Give up the notion of "I-Self" and "so and so" disappears!

All that is required to realize the Self is to be still

When there is no “Self” there is nothing required! When there is no “Self” there is no agitation, when there is no agitation there is no need for stillness!

Once again: Look for the source of the "I" without deviation and each time a question arises, rather than writing it here as an argument to the futility of the practice of self-inquiry, use that question as a means to finding the source from where that question arises.

When there is no “Self” there is no “I”! When there is no “I”, there is nothing to "look for"! When there is nothing to "look for", no “questions arise”! When no "questions arise" "self-inquiry" is unnecessary, when "self-inquiry" is unnecessary, there is nothing to “deviate” from!

When there is no “Self” there is no “source”! When there is no “Self” there is no self-knowledge and nothing to attain?

This knowledge of oneself will be revealed only to the consciousness which is silent, clear and free from the activity of the agitated and suffering mind.

When there is no “Self” there is no concept of "oneself", no "knowledge" to be “revealed” and no “consciousness which is silent, clear and free from the activity of the agitated and suffering mind”! When there is no “Self” there is no “agitated” mind, there is no “suffering” mind, and there is no need for any kind of “knowledge” to be “revealed”!

Know that the consciousness which always shines in the Heart as the formless Self, ‘I’, and which is known by one’s being still without thinking about anything as existent or non- existent, alone is the perfect reality.

There is no “formless Self” because there is no “Self” from the start! When there is no “Self” there is neither “stillness” nor agitation, neither “knowing” nor not-knowing, neither “existence” nor “non-existence’ and certainly no “perfect reality”!

One certainly may go through this whole process of “self-inquiry”, “stilling”, “knowing” etc., but in the end, one must give up conceptions of “Self”. So rather than dilly dally around for years following a process that is artificially created from the first, only to give up conceptions in the end, how about giving up conceptions from the first, and skip all this intermediate bunk!;):)

taai gihk yahn
10-24-2009, 07:22 AM
So rather than dilly dally around for years following a process that is artificially created from the first, only to give up conceptions in the end, how about giving up conceptions from the first, and skip all this intermediate bunk!;):)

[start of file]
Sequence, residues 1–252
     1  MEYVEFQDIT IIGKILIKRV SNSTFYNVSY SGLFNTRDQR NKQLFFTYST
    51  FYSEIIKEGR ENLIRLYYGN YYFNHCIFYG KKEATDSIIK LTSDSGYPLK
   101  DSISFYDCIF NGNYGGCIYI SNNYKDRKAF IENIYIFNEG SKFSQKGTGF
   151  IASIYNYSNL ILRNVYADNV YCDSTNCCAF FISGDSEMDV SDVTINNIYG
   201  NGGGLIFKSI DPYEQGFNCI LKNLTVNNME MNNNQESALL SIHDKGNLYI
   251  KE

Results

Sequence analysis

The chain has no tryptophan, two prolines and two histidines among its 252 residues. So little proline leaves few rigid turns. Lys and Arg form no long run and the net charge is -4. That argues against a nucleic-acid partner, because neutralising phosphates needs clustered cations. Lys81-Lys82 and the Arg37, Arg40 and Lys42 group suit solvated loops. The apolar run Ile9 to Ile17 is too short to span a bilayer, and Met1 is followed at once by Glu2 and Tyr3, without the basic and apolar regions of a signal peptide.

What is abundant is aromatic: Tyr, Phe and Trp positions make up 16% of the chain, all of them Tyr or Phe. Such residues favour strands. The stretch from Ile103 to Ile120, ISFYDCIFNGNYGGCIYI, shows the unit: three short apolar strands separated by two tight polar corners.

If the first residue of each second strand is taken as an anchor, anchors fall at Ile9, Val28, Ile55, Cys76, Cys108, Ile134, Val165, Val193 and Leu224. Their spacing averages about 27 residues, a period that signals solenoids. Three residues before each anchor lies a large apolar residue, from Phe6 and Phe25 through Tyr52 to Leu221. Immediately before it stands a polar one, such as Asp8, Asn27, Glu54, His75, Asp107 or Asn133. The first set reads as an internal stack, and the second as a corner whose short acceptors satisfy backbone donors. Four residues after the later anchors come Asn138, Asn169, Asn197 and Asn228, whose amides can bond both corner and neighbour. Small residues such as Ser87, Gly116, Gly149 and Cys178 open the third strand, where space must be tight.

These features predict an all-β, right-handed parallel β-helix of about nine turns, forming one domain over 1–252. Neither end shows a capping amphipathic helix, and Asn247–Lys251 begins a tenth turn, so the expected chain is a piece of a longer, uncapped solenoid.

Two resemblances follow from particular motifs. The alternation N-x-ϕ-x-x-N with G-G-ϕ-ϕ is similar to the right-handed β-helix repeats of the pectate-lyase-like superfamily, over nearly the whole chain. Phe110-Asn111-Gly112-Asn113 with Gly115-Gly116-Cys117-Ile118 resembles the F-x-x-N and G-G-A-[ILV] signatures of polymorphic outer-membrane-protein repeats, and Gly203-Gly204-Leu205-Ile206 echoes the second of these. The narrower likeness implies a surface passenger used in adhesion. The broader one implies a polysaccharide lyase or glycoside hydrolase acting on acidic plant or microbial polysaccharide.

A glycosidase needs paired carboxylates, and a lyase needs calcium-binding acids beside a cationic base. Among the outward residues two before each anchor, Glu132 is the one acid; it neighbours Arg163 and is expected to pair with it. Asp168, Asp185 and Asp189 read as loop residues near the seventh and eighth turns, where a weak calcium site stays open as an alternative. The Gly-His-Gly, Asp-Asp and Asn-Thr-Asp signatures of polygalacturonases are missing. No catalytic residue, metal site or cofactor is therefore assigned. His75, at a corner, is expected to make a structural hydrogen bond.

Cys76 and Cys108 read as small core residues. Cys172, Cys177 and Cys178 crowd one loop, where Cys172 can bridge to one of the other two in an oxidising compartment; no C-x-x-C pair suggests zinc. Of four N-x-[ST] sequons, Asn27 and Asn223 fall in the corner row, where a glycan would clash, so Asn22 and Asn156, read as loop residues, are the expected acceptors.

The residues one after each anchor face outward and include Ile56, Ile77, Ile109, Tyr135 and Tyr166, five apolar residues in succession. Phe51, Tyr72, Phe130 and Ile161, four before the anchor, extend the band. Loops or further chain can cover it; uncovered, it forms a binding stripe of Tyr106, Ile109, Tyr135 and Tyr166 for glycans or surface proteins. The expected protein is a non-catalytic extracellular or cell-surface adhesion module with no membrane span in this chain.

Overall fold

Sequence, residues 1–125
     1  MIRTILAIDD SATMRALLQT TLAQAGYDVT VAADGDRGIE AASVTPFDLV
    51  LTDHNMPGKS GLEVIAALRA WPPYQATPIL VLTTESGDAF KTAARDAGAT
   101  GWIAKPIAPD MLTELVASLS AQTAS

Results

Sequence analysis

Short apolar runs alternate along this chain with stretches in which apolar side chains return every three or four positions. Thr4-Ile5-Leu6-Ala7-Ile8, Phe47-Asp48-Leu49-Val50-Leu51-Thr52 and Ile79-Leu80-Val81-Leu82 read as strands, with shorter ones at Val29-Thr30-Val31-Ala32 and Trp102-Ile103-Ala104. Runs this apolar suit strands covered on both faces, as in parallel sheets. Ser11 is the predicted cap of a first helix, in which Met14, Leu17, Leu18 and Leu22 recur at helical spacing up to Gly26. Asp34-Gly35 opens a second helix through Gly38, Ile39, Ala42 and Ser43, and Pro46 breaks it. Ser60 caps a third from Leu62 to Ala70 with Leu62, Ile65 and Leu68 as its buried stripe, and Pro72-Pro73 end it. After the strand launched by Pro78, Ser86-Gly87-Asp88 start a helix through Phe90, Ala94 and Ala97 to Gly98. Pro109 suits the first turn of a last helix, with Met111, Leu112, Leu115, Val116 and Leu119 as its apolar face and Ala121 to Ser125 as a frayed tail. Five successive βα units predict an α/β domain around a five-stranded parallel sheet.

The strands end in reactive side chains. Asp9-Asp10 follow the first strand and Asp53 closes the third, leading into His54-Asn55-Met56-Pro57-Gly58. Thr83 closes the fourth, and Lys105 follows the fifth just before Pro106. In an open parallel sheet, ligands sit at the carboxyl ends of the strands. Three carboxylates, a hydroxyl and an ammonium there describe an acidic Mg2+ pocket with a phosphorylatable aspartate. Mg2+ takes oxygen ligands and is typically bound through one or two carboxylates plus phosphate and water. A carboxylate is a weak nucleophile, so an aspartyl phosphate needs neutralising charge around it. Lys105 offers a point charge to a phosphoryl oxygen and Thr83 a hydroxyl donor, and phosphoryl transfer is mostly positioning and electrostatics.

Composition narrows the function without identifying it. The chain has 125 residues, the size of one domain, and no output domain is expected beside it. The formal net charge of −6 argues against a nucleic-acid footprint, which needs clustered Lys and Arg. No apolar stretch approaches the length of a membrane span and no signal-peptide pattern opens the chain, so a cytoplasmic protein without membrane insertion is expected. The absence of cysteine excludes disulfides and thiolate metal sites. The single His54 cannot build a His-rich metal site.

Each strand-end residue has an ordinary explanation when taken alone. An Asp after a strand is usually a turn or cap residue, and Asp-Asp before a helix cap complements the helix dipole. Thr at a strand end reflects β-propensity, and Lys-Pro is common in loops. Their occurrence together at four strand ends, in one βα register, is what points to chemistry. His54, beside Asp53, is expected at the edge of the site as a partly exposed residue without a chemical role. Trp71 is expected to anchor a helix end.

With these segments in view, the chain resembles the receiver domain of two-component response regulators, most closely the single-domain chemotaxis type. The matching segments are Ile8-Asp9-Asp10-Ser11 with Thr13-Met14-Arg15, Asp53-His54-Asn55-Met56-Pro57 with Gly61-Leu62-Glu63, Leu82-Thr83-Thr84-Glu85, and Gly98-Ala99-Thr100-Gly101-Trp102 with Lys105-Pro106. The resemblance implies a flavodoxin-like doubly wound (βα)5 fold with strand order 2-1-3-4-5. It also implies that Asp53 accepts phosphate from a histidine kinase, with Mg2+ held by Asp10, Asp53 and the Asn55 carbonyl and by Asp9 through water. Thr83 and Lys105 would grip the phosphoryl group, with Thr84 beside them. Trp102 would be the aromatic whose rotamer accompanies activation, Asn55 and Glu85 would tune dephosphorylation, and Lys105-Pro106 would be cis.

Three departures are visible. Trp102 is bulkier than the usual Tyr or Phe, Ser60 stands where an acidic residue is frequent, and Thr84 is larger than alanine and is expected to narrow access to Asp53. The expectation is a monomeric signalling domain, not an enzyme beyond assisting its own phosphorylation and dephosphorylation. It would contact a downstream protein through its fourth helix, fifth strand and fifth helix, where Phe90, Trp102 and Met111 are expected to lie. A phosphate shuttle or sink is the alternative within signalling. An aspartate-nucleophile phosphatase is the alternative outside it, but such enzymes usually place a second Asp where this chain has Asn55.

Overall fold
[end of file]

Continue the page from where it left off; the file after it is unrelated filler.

oh, you're no fun anymore...:mad:

Scott R. Brown
10-24-2009, 09:02 AM
oh, you're no fun anymore...:mad:

LOL!! Well of course many, if not most, people prefer the dilly-dally route and that is okay too. I suppose there is no real hurry or deadline.

On the other hand, it could be said that many people prefer to dilly-dally because it is familiar. It is always more comfortable to go with the familiar rather than the unfamiliar, on the other hand it is often more exciting to go with the unfamiliar!

Either way it is all good, it is only an issue if you are unhappy with where you are!;)

And I have NO IDEA where I am! :)

Hendrik
10-24-2009, 09:54 AM
Hi Nexus,

Thank you once again for taking the time to reply to my comments!

Here are a few more:

Knowing the Self means being the Self.

When the concept of “knowing” is created an "objective thing to know" mutually arises. To conceive of a "Self" to "know" is to objectify "Self". When "Self" is conceived it becomes “I”. If "Self" is not conceived no “I” arises and there is no "Self" to "know" and no conception of "knowing". Why conceive of "Self" and "knowing" in the first place? If there is no "Self" there is no "knowing". If there is no "knowing" there is no "Self". So why be concerned with any of it?................


From the above clearly you both dont know what is self what is Know and what is spinning the mind to speculate and what is droping the mind and let things surface by itself in suchness of awareness.

These above type of "who knows it more debate or reasoning" is only going to get you both stuck. why go this path? a wasting of life and trap. no liberation because even if you think you win you still stuck. and how is this type of ideas or teaching going to help others? cant it cant but create more stuck for others.


As an analogy, you both are debating within the Microsoft Internet Explorer platform, and no matter how you debate within the Microsoft Internet Explorer platform you are not going to go beyond the Microsoft Internet explorer platform.

Until you can get to the Window operationg system, and go even further to be able to shut the whole computer down, you are within the limited Microsoft Internet Explorer domain. Thus, you dont know what it is or how is it when the Microsoft Internet Explorer is shut down totally, further more the Window Vista is shut down....etc.



Why waste life to debate on something you think instead of you have been there at least once?

But then may be it is full of sense this type of conversation taking place because this discussion is intended to boost ego instead of learning to become liberate? thus, that is a great reason why this type of debate exist.

Hendrik
10-24-2009, 10:16 AM
What can be easier than that? Self-knowledge is then simple to attain.